Last week we discovered the following YouTube message:
“A parasitic weed has invaded and destroyed over 50 acres of Rice Plantations in Iganga Distinct leaving many farmers counting losses. The weeds identified as Striga have caused massive damage in a space of just two weeks in Buyanga Sub-county": https://www.youtube.com/watch?v=wCxpFNQwVjc
This video, produced for the Ugandan national television station NTV, shows rice farmers in Iganga District in Uganda struggling with an invasive parasitic weed destroying their rice crops. While the reporters call the weed ‘Striga’ (see above photo of Striga asiatica with red flowers; other species, like Striga hermonthica, have pink/purple flowers) it actually concerns ‘Rhamphicarpa' (below photo with white flowers). They are both parasitic weeds to rice and able to diminish grain yields, but they are usually found in different rice growing environments.
Striga is found in rain-fed upland rice and Rhamphicarpa is found in the rain-fed lowlands, under wetter soil conditions. Rhamphicarpa is a relatively new, but rapidly upcoming weed species, whereas Striga is much better known to agricultural professionals. Therefore Rhamphicarpa is often wrongly referred to by farmers and extension as ‘Striga’.
Rhamphicarpa vs Striga
The video underpins this. It shows the existence of a great deal of confusion, misunderstanding and ignorance among farmers and extension when it comes to Rhamphicarpa. As a result, rice farmers generally lack the knowledge and means to effectively address Rhamphicarpa infestations while extension services are often not aware of the actual extent and nature of the problem. Extension is therefore unable to backstop farmers with adequate solutions. In our recent research project PARASITE (www.parasite-project.org), we focussed our efforts on Rhamphicarpa. We worked on elucidating the biology and ecology of this parasitic weed and observed important differences with Striga. Most strikingly, we identified that these differences have important implications for designing effective control options. In this process, we also involved farmers, extension and other stakeholders to create an enabling environment for developing feasible, locally adaptable and economically acceptable control strategies.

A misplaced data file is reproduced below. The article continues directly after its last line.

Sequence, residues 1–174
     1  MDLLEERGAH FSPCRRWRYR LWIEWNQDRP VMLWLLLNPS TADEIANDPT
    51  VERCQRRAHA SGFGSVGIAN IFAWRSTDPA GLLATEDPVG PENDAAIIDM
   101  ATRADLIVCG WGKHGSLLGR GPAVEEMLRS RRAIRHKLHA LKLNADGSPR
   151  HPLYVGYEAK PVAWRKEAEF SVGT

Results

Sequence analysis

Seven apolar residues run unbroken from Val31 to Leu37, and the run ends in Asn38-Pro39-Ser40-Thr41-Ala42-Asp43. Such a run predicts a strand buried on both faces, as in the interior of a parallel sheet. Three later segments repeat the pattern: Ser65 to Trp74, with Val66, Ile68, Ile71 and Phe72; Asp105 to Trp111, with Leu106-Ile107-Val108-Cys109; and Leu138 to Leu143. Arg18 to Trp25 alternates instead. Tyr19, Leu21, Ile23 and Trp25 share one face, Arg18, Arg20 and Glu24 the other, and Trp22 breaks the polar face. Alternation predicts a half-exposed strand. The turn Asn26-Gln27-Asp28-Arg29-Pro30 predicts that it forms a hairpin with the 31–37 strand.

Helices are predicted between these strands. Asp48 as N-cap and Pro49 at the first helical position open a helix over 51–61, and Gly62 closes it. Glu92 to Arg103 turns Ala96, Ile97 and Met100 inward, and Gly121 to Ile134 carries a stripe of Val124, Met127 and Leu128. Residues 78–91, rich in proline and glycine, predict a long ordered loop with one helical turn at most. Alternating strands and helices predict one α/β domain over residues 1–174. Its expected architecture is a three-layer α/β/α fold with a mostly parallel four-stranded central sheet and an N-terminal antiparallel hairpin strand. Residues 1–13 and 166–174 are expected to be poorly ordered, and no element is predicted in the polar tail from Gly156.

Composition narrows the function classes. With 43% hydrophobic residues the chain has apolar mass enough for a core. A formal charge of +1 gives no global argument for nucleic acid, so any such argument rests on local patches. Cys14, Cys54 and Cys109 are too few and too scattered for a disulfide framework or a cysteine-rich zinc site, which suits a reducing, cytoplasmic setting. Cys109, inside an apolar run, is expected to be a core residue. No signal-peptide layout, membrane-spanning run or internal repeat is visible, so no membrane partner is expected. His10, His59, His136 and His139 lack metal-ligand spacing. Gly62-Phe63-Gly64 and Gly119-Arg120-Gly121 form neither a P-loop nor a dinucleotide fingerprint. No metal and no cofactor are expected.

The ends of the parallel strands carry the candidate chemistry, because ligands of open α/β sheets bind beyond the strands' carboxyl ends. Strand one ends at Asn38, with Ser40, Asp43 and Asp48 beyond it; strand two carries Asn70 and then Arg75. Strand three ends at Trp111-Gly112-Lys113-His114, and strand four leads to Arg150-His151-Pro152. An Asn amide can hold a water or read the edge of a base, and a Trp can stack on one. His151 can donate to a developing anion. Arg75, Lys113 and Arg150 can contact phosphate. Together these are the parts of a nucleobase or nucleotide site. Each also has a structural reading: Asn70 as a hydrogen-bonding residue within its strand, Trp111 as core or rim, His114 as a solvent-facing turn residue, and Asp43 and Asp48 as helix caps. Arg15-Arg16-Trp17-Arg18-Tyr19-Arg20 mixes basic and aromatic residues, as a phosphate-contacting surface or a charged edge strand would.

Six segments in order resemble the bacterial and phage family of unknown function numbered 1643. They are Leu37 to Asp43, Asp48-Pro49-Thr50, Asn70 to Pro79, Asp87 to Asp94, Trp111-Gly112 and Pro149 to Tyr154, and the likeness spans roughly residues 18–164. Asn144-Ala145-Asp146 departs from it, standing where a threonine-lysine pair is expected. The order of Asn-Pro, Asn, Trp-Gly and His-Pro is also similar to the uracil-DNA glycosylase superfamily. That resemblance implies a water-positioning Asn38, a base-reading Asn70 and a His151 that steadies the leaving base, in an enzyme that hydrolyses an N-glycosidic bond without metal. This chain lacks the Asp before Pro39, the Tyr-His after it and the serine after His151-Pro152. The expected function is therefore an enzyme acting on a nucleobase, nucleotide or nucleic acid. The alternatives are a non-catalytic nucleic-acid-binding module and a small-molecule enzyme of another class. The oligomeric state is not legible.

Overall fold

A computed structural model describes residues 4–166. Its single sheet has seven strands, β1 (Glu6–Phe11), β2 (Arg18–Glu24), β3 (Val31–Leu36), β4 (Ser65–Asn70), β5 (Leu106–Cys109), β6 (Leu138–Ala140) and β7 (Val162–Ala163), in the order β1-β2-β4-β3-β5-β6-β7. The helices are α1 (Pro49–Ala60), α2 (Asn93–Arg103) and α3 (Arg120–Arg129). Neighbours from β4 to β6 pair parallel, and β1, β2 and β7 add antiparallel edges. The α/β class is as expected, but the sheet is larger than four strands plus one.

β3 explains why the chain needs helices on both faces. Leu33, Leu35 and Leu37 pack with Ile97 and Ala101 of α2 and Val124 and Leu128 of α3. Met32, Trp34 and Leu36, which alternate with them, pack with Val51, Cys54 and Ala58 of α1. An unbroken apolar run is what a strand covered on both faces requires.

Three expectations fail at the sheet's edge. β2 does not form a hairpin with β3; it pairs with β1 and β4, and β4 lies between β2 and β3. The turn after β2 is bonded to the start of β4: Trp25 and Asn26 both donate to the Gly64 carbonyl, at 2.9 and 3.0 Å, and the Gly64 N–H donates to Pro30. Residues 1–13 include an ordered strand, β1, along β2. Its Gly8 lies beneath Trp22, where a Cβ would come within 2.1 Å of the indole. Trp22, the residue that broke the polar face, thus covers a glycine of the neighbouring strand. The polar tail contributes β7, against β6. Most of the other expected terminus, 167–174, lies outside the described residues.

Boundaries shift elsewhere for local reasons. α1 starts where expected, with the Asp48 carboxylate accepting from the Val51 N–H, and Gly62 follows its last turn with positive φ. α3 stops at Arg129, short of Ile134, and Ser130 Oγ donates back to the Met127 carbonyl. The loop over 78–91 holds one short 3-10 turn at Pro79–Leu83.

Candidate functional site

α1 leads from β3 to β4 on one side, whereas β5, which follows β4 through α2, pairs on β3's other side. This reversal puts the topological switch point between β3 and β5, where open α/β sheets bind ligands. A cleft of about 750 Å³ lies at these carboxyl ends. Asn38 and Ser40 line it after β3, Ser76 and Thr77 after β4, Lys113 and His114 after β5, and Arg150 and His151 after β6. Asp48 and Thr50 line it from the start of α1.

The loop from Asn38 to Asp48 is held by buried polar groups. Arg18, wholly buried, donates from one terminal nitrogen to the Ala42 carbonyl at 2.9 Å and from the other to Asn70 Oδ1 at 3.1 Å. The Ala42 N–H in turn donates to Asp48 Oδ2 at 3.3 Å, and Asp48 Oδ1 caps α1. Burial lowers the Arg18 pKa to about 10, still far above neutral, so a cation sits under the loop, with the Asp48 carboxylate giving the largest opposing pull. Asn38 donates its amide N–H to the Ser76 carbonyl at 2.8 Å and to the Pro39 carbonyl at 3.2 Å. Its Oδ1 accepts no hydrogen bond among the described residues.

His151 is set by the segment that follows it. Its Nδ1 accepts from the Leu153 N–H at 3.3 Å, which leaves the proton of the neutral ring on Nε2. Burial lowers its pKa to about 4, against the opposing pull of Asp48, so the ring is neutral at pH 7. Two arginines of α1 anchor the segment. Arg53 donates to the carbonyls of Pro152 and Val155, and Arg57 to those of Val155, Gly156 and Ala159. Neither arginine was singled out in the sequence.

For more information, please contact the project coordinators Lammert Bastiaans, of Wageningen University (email@example.com), and Jonne Rodenburg, of the Africa Rice Center (firstname.lastname@example.org).